Germantown was the common name for the settlement on the east-side of Regina , along Tenth and Eleventh Avenues near the public market that was set up in 1892. The area was populated by Germans, Hungarians, Romanians, Slavs – basically any ethnic group that was not of Anglo-Saxon descent. The community was home to some of Regina 's more exotic buildings – onion dome churches such as the Romanian Greek Orthodox Church on St. John Street illustrated the character of the community.
Saskatchewan 's population is, and has been from its earliest days, descended primarily from those groups that were often known as “Galicians” – former residents of central and eastern Europe. Regina was no different. Many non-Anglo-Saxon residents chose to immigrate to the city in the early part of the twentieth century.
Members of the German population had arrived in the city during its early years, and by 1913 many of these people owned their own homes and were gainfully employed as businessmen, labourers or tradesmen. They formed thriving community organizations and took advantage of the School Act to ensure that their children received education in German for the last half-hour of the day.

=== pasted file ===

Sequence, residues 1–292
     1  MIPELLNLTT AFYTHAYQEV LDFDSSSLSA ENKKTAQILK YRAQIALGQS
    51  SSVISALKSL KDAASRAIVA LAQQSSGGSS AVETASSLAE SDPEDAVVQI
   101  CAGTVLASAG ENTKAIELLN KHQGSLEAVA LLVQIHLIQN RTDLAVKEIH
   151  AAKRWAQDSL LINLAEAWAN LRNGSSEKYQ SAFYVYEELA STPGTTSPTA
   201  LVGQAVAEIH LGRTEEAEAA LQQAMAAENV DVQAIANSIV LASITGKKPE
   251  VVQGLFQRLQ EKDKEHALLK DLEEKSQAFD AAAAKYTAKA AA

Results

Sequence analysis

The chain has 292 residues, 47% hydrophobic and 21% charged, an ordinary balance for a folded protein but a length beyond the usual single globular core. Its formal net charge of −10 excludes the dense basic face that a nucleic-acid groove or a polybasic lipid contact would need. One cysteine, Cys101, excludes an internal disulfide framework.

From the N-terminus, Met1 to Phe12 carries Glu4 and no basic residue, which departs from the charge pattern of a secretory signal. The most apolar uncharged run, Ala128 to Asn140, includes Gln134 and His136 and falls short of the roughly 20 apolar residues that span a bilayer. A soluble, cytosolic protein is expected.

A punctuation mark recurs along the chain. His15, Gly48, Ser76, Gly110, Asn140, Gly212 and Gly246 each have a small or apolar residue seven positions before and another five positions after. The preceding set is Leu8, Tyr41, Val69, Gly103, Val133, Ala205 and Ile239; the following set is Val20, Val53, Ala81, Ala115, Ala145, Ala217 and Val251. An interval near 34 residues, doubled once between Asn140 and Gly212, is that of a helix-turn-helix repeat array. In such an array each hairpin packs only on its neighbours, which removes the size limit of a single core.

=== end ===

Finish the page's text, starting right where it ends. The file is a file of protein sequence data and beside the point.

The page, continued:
Other non-Anglo-Saxon groups within the city did not fare so well. Residents worked wherever and whenever they could at low-paying jobs. Germantown was the slum area of Regina . Many of the ‘houses' within this 33-block area of east Regina were little more than shacks. There were no water or sewer lines to many of these buildings. These residents of the city had overcrowded or inadequate housing that did not receive regular garbage pickup, and so infectious diseases were rampant in the area. It would be years before these conditions were rectified.
Most residents of this area did not own property thus they did not meet the property qualifications to be added to the municipal voters' lists. Nativistic sentiments among those residents of the city who could vote meant that the miserable lot of many of these people got worse throughout the war years of 1914-1918 as a cloud of suspicion fell on those residents who did not speak English as a first language. Still, there were some people in the community who did not doubt the loyalty of these people during the war years. Mayor Robert Martin was able to veto a recommendation by the commanding officer of the local military, who demanded that armed guards be placed around public utilities and explosives to protect against terrorist actions. Martin informed the commander that while precautions would be taken, no militia was needed because non-English speaking citizens of the city were just as law-abiding as any other residents.